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Analysis-Dutch set to comply with U.S. demands on China exports

by Staff GBAF Publications Ltd
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Analysis-Dutch set to comply with U.S. demands on China exports

By Toby Sterling

AMSTERDAM (Reuters) – U.S. demands that chipmaking giant ASML stop servicing some equipment it has sold to Chinese customers are a diplomatic and business headache for the Dutch government, but signs are it will continue to align with Washington on export restrictions.

Although Prime Minister Mark Rutte’s government is reluctant to make a blanket decision, its public statements and national security interests suggest it will be slow to approve Chinese maintenance requests in future and quick to deny them.

That would be a setback for China’s attempts to build up its domestic chip industry, because ASML gear is almost impossible to replace and will break down over time if not maintained.

But it could also complicate efforts by Rutte’s government to stop ASML Holdings NV, the Netherlands’ biggest company, from moving operations abroad.

One emerging factor is Dutch security priorities, particularly support for Ukraine in its war against Russia.

Rutte, who is favoured to become the next NATO secretary general, discussed ASML with Chinese President Xi Jinping when they met in Beijing last week.

He said afterwards that China’s support for Russia was a serious problem at a time when the Netherlands is arming Ukraine with F-16s.

“It is incredibly important that China understand any victory for Russia (in Ukraine) would pose an immediate threat” to both the Netherlands and Europe, Rutte said.

He declined to answer directly whether his government will deny licences for ASML’s Chinese customers.

Xi told Chinese state media he had warned Rutte against “decoupling and breaking links” with China.

STARTING POINT

While Beijing says it is neutral on the Ukraine conflict, Xi has a strategic alliance with Russian President Vladimir Putin.

The Netherlands holds Russia responsible for the 2014 downing of Malaysia Flight 17 (MH17) over eastern Ukraine, which killed 198 Dutch citizens. It also houses and supports the Hague-based International Criminal Court which has issued a warrant for Putin’s arrest on war crimes charges.

Rutte called on China to do more to keep Russia from obtaining “dual-use goods” with both civilian and military applications – such as ASML’s machines and the chips they are used to make.

While his comments do not translate to a policy of presumptive denial for Chinese customers seeking ASML gear that falls under licensing rules, as U.S. policy does, they do indicate the Dutch government’s likely starting point.

ASML declined to comment. It has previously said it complies with all export regulations.

European Parliament lawmaker Bart Groothuis said the Netherlands should determine export policy in concert with larger allies.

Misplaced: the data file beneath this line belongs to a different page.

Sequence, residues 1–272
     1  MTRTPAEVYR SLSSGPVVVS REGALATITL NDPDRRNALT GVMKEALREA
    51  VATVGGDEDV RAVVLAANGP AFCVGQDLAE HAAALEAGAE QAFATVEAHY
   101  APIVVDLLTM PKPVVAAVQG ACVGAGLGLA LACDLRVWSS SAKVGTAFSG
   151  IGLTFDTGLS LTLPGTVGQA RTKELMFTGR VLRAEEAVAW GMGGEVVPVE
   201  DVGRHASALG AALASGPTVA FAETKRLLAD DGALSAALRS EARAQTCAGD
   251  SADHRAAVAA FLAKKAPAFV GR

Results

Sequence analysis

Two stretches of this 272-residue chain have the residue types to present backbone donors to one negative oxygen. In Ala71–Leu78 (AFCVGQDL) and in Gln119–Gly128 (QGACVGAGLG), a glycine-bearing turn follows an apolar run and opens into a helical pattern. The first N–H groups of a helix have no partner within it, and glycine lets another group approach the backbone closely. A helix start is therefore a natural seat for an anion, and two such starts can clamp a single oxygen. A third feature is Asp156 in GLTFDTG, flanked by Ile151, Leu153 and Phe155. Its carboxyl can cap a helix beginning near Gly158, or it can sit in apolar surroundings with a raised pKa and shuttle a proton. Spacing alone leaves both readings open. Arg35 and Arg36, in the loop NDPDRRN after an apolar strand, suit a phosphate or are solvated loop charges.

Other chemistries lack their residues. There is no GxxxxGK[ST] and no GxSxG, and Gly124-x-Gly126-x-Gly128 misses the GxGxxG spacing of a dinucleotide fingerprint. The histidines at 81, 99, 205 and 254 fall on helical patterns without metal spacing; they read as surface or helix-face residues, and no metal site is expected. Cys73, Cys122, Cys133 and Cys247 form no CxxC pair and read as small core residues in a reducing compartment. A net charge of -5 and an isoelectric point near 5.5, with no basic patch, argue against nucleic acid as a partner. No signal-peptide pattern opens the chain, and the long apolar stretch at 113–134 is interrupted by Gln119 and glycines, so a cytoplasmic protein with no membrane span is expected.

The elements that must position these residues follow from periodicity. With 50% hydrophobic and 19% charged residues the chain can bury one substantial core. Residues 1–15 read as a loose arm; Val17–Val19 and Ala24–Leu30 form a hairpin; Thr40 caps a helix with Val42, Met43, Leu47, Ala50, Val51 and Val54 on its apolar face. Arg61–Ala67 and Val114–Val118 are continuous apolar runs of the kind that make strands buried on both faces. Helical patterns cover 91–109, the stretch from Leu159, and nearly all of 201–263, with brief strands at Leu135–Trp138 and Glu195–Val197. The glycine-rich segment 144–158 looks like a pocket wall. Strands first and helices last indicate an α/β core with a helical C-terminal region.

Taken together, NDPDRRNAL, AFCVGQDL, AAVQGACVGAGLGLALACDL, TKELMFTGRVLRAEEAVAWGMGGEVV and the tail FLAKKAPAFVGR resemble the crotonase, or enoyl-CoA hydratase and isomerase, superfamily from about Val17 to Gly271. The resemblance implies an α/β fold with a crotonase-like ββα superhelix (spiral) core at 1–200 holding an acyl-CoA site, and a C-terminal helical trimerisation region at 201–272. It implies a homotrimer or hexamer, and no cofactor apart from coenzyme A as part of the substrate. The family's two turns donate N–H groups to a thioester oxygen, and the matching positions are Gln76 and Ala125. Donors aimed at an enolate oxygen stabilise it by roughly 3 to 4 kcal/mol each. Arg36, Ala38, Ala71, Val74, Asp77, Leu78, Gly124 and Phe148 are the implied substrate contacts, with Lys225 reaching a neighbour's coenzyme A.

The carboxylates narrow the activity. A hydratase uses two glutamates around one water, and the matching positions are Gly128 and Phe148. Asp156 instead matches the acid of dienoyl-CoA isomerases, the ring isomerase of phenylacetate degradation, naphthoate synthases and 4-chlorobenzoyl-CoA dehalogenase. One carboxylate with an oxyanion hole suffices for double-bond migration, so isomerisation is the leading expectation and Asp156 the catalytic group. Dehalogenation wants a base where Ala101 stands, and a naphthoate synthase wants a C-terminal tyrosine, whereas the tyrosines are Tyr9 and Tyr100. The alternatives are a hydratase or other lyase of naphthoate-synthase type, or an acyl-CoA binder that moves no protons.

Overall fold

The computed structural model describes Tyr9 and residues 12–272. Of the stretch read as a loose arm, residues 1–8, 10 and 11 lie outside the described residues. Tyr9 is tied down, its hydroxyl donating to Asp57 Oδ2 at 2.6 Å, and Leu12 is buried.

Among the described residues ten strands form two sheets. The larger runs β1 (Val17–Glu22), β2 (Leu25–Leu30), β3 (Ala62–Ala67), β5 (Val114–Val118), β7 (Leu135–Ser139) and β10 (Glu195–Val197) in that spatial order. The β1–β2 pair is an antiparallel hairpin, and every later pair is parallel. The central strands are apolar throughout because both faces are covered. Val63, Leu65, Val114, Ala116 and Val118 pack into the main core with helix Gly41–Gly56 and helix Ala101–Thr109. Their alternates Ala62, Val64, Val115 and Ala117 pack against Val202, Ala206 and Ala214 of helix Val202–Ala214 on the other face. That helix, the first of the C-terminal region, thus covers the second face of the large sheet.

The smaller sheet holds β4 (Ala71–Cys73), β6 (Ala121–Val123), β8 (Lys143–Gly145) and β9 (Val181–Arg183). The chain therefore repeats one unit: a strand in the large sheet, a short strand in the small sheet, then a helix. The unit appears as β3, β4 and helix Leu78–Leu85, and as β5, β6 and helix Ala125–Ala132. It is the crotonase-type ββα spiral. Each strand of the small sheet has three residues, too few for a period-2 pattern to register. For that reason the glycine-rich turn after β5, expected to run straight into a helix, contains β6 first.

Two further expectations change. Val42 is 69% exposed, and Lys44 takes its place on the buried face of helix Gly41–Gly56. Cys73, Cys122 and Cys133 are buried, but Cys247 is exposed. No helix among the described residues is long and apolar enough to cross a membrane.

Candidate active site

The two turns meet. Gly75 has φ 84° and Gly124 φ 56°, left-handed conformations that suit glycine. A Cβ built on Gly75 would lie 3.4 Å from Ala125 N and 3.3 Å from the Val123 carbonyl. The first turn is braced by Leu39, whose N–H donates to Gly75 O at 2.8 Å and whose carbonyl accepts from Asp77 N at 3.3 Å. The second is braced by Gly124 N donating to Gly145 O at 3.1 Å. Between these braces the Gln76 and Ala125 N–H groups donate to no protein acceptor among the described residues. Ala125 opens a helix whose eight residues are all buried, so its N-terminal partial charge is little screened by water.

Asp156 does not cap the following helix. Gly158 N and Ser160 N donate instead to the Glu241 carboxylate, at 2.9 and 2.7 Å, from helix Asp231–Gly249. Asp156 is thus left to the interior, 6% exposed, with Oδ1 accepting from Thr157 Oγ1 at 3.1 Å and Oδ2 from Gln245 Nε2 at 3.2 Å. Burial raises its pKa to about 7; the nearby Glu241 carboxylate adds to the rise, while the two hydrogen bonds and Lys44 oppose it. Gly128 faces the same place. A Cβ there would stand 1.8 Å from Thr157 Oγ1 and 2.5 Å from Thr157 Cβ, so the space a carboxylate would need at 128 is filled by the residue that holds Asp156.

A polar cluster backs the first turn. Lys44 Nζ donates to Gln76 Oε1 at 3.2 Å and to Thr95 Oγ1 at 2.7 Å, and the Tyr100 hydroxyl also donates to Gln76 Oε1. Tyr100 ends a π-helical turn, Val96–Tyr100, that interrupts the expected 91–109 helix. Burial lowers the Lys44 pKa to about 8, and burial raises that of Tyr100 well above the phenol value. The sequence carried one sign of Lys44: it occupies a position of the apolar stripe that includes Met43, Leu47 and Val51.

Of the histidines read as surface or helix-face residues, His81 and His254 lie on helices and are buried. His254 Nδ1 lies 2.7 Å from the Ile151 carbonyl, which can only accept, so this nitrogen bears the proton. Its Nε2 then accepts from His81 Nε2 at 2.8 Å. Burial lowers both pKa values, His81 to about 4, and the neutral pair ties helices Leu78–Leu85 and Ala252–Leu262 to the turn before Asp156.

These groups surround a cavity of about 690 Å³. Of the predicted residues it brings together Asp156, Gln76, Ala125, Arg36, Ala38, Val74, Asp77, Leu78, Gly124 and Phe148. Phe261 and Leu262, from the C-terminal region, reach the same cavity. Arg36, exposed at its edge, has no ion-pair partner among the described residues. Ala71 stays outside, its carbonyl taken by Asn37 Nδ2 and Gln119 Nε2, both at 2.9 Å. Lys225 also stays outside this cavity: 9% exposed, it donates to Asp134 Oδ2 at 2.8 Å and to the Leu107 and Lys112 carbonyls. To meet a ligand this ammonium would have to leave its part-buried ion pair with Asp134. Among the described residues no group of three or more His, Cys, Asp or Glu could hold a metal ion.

“It is much better for us to do that, regulate ASML, together with the U.S., or in the future it may be Europe, and I would say that is the best way forward,” he said.

U.S. President Joe Biden’s export policy chief Alan Estevez is expected to raise the servicing contracts at a meeting on Monday with Dutch government officials and executives from ASML.

The Dutch government must weigh its response given fears of weakening U.S. support for its security priorities, including Ukraine, especially if Donald Trump wins November’s presidential election.

CASE BY CASE

“If the U.S. role in NATO decreases, then probably also the leverage that the U.S. has … with regard to technology transfers to China will decrease,” said Frans-Paul van der Putten of the Clingendael Institute, a Dutch think tank.

He said the Dutch see China as “the only country that has at least some kind of influence on Russia potentially”.

The Dutch Foreign Ministry, which oversees exports, said on Thursday it will judge Chinese licensing requests the same way it does others: on a “case by case” basis, weighing the risks they might end up having undesired military uses.

But that will be difficult for Dutch officials to determine from afar, especially given Xi’s civil-military fusion policies.

For ASML, the damage from an uncertain number of licence denials will be gradual and limited – maintenance is about 20% of its revenue and China is its third-biggest market after Taiwan and South Korea.

It has sold 10 billion euros ($11 billion) of equipment to chipmakers in China over the past three years, much of which does not fall under any export restrictions. Some has also gone to plants in China with Western-allied owners, such as SK Hynix and TSMC.

Individual Chinese chipmakers or plants that are denied a licence could be badly hurt, as ASML machines are essential for making chips and hard to replace.

Experts say, however, that Chinese chipmakers have shown surprising resilience to U.S.-led sanctions so far and will continue to find ways to engineer around them in the future.

“The cutting-off of servicing is going to inexorably degrade the capabilities of that equipment. And so the manufacturer will be fighting a sort of rearguard action to keep those machines going as long as possible,” said Paul Triolo, a U.S. expert on China and semiconductors.

“The question is in the long term, what other workarounds are possible here?”

($1 = 0.9232 euros)

 

(Editing by Catherine Evans)